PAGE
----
Kuju Coffee offers six pour-over coffee roasts: three in their standard coffee line, and three in their premium single-origin line. This review will only cover the three standard pour-over coffee roasts, as I have yet to acquire the premium roasts.
The primary differences between the standard roasts and the premium, single-origin roasts are the following:
- The single-origin pour-overs are $30 per 10-pack, as opposed to $22 per 10-pack for the standard roasts.
- The single-origin pour-overs are certified fair trade organic while the standard roasts are not.
All Kuju Coffee is:
- Ethically Sourced
- Made with Wind Power
- Nitro-Flushed for Freshness
- Supports 1% for the Planet
- The net weight is 0.5 oz (14 g), and they make 8 oz (237 ml ) of brewed coffee.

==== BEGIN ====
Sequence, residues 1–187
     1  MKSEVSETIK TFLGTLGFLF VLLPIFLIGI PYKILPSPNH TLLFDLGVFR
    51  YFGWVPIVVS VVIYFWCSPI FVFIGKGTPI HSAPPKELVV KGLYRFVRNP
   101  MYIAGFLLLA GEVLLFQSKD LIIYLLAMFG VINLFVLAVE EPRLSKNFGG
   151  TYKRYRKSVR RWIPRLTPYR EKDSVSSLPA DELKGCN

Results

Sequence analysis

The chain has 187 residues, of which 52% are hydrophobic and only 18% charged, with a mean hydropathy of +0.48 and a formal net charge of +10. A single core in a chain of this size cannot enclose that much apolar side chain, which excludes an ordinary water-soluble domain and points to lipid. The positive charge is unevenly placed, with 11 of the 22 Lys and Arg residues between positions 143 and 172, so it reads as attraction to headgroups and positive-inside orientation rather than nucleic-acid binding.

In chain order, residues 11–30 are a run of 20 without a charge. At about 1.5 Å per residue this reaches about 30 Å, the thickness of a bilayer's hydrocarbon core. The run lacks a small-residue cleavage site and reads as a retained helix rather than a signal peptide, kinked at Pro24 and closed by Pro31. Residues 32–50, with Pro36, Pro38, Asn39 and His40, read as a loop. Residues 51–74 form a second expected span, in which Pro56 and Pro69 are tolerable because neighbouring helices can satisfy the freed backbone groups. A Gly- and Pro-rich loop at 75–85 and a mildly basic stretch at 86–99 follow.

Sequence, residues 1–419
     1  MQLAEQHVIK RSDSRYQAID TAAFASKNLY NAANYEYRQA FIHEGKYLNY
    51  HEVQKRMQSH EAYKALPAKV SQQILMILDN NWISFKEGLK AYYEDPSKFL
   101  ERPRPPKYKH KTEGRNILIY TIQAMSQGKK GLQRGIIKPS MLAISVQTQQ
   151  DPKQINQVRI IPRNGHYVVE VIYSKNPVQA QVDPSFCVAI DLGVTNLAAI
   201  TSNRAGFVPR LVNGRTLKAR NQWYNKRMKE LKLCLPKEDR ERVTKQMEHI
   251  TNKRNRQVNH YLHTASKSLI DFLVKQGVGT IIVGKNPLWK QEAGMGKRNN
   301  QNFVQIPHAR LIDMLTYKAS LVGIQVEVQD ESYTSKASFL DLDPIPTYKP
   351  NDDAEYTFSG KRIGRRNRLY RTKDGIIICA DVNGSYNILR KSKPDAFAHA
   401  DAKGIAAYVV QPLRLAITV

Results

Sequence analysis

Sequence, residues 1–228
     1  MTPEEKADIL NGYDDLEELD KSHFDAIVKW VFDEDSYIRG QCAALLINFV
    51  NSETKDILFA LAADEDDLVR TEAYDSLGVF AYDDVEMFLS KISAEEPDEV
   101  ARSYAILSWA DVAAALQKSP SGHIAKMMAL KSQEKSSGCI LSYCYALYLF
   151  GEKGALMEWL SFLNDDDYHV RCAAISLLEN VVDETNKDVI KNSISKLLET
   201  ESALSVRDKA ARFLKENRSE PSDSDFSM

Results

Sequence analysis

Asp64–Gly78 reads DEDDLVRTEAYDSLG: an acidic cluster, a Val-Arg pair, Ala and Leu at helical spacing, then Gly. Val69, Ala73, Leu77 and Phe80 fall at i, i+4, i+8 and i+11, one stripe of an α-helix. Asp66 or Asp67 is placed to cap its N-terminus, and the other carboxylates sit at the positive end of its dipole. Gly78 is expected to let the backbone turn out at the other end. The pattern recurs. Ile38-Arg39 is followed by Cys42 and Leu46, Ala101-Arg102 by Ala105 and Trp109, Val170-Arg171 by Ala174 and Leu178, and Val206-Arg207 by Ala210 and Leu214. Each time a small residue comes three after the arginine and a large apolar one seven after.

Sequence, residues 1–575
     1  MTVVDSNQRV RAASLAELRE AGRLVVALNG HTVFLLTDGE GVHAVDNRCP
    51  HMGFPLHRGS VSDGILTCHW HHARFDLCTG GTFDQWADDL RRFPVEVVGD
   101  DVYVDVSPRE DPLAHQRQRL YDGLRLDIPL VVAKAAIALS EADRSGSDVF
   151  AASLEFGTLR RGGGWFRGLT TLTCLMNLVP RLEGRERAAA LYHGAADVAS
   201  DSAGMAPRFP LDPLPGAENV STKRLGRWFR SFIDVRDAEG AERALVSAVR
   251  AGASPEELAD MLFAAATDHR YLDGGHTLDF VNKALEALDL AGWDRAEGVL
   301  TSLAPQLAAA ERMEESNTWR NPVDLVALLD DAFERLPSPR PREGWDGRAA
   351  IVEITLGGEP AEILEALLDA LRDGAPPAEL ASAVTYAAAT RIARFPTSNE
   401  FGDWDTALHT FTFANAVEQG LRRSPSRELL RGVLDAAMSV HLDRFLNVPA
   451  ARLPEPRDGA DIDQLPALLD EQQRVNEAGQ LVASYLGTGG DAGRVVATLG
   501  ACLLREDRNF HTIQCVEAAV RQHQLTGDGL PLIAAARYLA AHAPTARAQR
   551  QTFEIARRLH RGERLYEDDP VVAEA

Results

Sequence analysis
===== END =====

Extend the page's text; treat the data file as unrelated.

- Bold Awakening (Dark Roast)
- Basecamp Blend (Medium Roast)
- Angel’s Landing (Light Roast)
Premium, Single Origin Roasts:
- Papua New Guinea
In this remainder of this review, I will discuss the pros and cons of Kuju coffee concerning:
- Ease of Use (Including a brief discussion of making pour-over coffee in the backcountry)
- Ethical Sourcing of Beans
- Environmental Impacts
Kuju coffee is by far the best-tasting camp coffee I have tried on the market, far surpassing instant coffees such as Starbucks Vias without creating brewing hassles such as long preparation, and time-consuming and messy cleanup.